Told from different angles, this is the story of a family who have lost a mother, a wife and the organiser of their lives. Through the misery of the events, the father creates an imaginary crow, who helps the father complete his work, understand the children’s grief and survive life without his wife.
The writing style is modern, random, jumpy and full of non censored language which created a witty, dark and sarcastic environment; the crow was both cruel and nurturing whilst bamboozling me with the random nature of its mind. I felt it worked perfectly for the topic this book tackles but I can appreciate this style is rather like marmite… you’ll either love it or you’ll hate it.
At just over a hundred pages, it’s on the short side but what a complex little book it was! The rhyming, rhetorical and questioning nature of this book can easily outsmart those that aren’t quick-thinking. There were countless paragraphs that required a reread for me to make sense of what the message was and there are still parts I can’t get my head around!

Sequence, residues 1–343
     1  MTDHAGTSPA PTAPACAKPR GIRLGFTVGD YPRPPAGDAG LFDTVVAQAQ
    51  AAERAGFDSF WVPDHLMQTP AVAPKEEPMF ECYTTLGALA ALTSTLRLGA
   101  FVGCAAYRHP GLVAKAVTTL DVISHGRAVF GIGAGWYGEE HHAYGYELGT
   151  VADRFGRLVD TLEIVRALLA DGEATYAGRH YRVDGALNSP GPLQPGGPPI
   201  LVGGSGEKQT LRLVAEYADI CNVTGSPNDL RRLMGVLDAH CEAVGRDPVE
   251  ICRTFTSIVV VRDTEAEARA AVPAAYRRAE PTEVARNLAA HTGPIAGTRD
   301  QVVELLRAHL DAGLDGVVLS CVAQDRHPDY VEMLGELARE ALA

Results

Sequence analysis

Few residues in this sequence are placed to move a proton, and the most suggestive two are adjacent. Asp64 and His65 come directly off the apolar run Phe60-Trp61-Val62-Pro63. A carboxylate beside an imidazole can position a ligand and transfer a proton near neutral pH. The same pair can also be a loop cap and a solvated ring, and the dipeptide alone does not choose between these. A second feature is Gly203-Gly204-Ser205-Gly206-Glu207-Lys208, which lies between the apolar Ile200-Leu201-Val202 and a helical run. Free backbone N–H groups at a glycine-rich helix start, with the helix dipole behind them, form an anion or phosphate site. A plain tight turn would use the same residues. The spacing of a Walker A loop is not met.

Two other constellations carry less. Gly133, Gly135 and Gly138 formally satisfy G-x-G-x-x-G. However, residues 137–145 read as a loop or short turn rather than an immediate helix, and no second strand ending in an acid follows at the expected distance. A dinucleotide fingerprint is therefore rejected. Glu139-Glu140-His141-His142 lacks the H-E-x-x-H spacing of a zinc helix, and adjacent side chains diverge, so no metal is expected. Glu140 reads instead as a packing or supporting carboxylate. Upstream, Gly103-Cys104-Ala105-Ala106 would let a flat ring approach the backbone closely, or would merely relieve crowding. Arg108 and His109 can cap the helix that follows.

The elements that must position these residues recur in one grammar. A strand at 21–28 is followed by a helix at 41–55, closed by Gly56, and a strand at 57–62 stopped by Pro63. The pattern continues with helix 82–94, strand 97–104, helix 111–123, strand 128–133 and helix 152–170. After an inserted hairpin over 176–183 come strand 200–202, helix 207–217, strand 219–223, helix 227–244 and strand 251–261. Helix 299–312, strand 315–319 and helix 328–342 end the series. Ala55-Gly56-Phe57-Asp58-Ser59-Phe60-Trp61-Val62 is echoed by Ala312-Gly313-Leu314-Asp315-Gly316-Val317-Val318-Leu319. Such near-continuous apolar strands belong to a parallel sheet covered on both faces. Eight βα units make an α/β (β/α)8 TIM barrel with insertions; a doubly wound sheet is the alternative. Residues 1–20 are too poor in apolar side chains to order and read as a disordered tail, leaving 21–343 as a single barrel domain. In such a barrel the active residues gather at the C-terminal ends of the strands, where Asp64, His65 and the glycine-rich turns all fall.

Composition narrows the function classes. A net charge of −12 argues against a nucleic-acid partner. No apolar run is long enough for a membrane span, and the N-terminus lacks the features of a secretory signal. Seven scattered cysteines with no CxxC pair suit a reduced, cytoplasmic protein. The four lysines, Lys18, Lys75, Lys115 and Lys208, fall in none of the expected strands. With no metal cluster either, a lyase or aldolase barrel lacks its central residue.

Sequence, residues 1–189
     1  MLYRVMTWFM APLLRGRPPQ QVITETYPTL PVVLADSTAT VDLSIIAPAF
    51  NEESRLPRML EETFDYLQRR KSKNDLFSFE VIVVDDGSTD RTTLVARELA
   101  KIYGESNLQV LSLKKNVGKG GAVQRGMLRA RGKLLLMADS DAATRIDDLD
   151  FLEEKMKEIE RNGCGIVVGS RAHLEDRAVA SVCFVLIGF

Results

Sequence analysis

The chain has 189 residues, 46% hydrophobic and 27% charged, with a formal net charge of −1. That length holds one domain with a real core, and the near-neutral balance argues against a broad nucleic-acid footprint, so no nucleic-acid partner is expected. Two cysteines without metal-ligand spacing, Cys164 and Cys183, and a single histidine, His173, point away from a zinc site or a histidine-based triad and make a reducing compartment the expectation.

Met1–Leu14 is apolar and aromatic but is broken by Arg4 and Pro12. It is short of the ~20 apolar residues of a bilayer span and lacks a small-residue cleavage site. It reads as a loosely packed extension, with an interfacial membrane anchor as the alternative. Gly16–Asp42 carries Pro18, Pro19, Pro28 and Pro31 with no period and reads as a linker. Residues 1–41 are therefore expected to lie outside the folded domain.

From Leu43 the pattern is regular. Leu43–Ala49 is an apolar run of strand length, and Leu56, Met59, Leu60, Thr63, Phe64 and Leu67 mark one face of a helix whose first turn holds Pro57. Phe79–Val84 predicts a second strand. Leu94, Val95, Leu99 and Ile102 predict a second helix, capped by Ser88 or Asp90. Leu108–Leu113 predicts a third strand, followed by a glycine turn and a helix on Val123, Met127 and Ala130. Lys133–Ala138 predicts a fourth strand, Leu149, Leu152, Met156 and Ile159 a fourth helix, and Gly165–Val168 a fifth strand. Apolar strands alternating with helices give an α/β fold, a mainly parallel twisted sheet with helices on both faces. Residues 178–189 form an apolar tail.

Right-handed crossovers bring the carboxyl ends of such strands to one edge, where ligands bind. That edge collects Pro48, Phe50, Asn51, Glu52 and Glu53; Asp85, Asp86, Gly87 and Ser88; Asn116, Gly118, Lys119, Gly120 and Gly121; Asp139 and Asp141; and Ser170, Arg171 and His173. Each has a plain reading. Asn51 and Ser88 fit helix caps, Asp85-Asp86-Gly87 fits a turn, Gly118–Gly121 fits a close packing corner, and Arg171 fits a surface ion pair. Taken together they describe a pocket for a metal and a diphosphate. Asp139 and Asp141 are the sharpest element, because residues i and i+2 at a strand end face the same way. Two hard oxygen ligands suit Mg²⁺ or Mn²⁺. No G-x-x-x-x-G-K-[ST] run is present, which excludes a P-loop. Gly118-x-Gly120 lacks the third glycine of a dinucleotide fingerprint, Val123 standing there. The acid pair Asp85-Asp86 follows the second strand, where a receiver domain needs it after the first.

This could be seen as either a negative or positive quality dependent on your mood: negative for when you’re too tired and can’t understand why the book is playing a game of trick or treat with you; positive when you’re in the mood work to read riddle styled paragraphs!
I liked that there wasn’t a great level of individualism to the characters within this book, it was just a family who were naturally progressing through grief. Why is this a good thing? – because it allows moments within the book to resonate with any individual quicker.
This book is like nothing else I’ve read this year; it was incredibly smart, thought provoking and honest. I imagine a lot of my blog readers would enjoy it BUT I’d warn you all to download a sample first so you can judge whether or not the marmite writing style is to your taste.
Until next time, Chloé x